Ableton Live 10 Announced

The much-anticipated next version of Ableton Live 10 introduces four new devices, a completely re-designed sound library, workflow-accelerating refinements and more. Improvements to Push allow more of the music creation process to happen away from the computer and a fully-integrated Max for Live means unlimited potential comes built into Live.

After some weird new features popping up in a few videos from artists using Ableton Live, the rumor mill was already in full swing about a possible release of Ableton Live 10 in the near future. We’ve put our bet on an announcement at Ableton’s Loop Conference Well kids, the day is already here! Ableton just announced what the new version has in store. Let’s have a look, shall we?

New Devices in Your Arsenal!

As a long time Ableton user I rarely find myself lusting after more devices. The current version of Live really offers everything I need. Having said that, three out of the four devices look like they will quickly find their way into my workflow.

Echo is a device which promises to combine the sound of classic analog and digital hardware delays. Analog-modeled filters and vintage wobble are definitely two things I dig a lot, but it remains to be seen how it fairs against my current go-to delay vst plugin Dub Machines.

Drum Buss is a pure workhorse for drum tracks. It seems to do heaps of things I’m currently using a rack of third-party plugins for. My current go-to plugins on drums are Native Instruments Transient Shaper, D16 Decimort, Waves RBass and the infamous Vulf Compressor. Count me a happy camper if the Drum Buss can add subtle character as well as real crush the drums like in the previews.

Pedal is another device I dig. I actually just ordered an analog guitar pedal recently to dirty up my sounds, so not sure if I should be happy or cry about this new device. Pedal offers overdrive, distortion and fuzz and promises to bring the character of analog stomp boxes to Live. In Logic Pro X I always like use the integrated pedal board for sound design.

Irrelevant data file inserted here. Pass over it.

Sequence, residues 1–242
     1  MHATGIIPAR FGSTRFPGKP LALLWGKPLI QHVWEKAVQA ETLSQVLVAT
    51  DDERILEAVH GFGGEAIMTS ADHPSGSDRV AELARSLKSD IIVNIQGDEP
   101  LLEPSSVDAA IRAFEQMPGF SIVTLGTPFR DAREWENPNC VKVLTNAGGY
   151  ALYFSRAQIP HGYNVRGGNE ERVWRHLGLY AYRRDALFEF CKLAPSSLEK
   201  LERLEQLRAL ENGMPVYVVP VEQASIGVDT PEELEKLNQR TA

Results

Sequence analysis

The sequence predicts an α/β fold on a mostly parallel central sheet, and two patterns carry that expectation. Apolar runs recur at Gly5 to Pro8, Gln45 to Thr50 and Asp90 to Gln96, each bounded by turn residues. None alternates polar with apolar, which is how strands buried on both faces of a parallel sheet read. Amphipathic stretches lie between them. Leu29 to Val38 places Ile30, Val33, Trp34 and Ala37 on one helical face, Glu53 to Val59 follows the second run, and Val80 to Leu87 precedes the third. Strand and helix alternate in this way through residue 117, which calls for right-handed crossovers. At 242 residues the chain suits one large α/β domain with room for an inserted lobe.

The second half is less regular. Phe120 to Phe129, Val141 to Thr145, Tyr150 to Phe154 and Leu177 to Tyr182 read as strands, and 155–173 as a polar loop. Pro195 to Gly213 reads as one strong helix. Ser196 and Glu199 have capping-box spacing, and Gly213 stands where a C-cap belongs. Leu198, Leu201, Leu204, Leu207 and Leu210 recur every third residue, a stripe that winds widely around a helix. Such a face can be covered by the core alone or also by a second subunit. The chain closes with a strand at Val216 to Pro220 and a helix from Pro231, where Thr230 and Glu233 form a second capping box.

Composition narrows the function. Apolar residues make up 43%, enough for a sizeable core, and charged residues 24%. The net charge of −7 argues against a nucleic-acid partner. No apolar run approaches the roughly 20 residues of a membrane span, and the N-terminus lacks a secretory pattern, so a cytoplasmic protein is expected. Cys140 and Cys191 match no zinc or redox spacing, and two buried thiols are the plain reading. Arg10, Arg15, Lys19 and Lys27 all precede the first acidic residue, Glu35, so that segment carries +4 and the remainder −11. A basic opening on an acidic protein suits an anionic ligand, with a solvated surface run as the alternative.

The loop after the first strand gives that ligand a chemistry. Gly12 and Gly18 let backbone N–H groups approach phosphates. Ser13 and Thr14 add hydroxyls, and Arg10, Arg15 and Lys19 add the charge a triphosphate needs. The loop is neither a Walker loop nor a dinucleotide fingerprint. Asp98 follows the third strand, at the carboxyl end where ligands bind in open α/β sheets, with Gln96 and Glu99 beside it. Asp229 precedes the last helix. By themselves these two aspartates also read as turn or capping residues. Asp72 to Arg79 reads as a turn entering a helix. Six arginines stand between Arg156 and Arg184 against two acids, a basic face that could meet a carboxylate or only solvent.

Last but not least is Wavetable, a new synth which can shape, stretch and morph sounds using wavetables. These got plucked from analog synthesizers and seem like fun to play with. Anyway I’m not a big synth nerd, so while I like having more tools at my disposal I don’t see this one getting much use in my own personal process.

Fresh Sounds for Ableton Live 10

Devices are great when you’re inspired to write songs or can afford to spent hours to design sounds. If you’re feeling beat block or want to knock out two more bangers before work, then presets and sound libraries are your best friend. Worry not. Live 10 comes packed with some very cool new sound packs.

Collections

First there is a new type of packs called collections. These seem similar to Maschine Expansions as they provide a roundhouse kick of usable sounds to write tunes for a specific genre or group of genres. Use them as is or tweak them easily to your liking with the mapped macros.

  1. Build and Drop. aims at big tunes that run the dancefloor. Think big basses, ecstatic leads, huge drums and big some screeching sirens and sounds effects.
  2. Glitch and Wash focusses on organic textures and tight rhythms, some circuit bending and warm ambient pads
  3. Drive and Glow nods towrad indie rock with its overdriven guitars , synth textures and pounding drums.
  4. Punch and Tilt has drum machine rhythms, weighty bass and a rough sonic aesthetic.
  5. Skitter and Step is all about growling basses, broken beats as well as dubby basses & spaces
  6. Chop and Swing is loosely based on hip hop with its focus on sampling and choppy Dilla-style grooves.

I’m sure these will be a big hit and we’ll see more of these in the near future.

Essential Instruments

These are more like your traditional live packs. You’ll find four new packs in your library if you have Ableton Live 10 Suite.

  1. Drum Essentials includes a collection of classic electronic kits and hits.
  2. Drum Booth brings together a range of acoustic drum and percussion sounds.
  3. Synth Essentials offers expertly programmed presets for Live’s synths alongside multisampled racks of classic hardware.
  4. Electric Keyboards brings the lush sound of electric pianos and organs to Live. I already shelled out cash for Sonic Couture Electric Piano Live Pack, but hey, why not.

Improving the Flow